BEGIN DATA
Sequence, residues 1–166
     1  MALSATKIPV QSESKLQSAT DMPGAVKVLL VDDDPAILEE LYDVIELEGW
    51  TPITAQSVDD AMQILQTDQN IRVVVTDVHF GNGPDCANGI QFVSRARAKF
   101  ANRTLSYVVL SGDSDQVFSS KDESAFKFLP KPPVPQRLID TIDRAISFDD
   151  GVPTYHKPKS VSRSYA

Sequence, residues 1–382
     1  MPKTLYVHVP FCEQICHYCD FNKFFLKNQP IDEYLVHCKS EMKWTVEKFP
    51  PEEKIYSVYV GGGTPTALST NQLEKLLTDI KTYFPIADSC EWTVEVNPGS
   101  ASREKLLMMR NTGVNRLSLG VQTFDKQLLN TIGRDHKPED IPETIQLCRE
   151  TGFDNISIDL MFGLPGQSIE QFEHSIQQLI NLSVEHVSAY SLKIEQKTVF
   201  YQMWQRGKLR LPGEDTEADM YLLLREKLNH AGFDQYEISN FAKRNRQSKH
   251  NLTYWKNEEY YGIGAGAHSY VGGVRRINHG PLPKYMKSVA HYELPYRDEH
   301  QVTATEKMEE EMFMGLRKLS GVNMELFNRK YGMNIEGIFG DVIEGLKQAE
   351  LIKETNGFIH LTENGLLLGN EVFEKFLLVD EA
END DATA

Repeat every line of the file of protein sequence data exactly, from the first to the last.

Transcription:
Sequence, residues 1–166
     1  MALSATKIPV QSESKLQSAT DMPGAVKVLL VDDDPAILEE LYDVIELEGW
    51  TPITAQSVDD AMQILQTDQN IRVVVTDVHF GNGPDCANGI QFVSRARAKF
   101  ANRTLSYVVL SGDSDQVFSS KDESAFKFLP KPPVPQRLID TIDRAISFDD
   151  GVPTYHKPKS VSRSYA

Sequence, residues 1–382
     1  MPKTLYVHVP FCEQICHYCD FNKFFLKNQP IDEYLVHCKS EMKWTVEKFP
    51  PEEKIYSVYV GGGTPTALST NQLEKLLTDI KTYFPIADSC EWTVEVNPGS
   101  ASREKLLMMR NTGVNRLSLG VQTFDKQLLN TIGRDHKPED IPETIQLCRE
   151  TGFDNISIDL MFGLPGQSIE QFEHSIQQLI NLSVEHVSAY SLKIEQKTVF
   201  YQMWQRGKLR LPGEDTEADM YLLLREKLNH AGFDQYEISN FAKRNRQSKH
   251  NLTYWKNEEY YGIGAGAHSY VGGVRRINHG PLPKYMKSVA HYELPYRDEH
   301  QVTATEKMEE EMFMGLRKLS GVNMELFNRK YGMNIEGIFG DVIEGLKQAE
   351  LIKETNGFIH LTENGLLLGN EVFEKFLLVD EA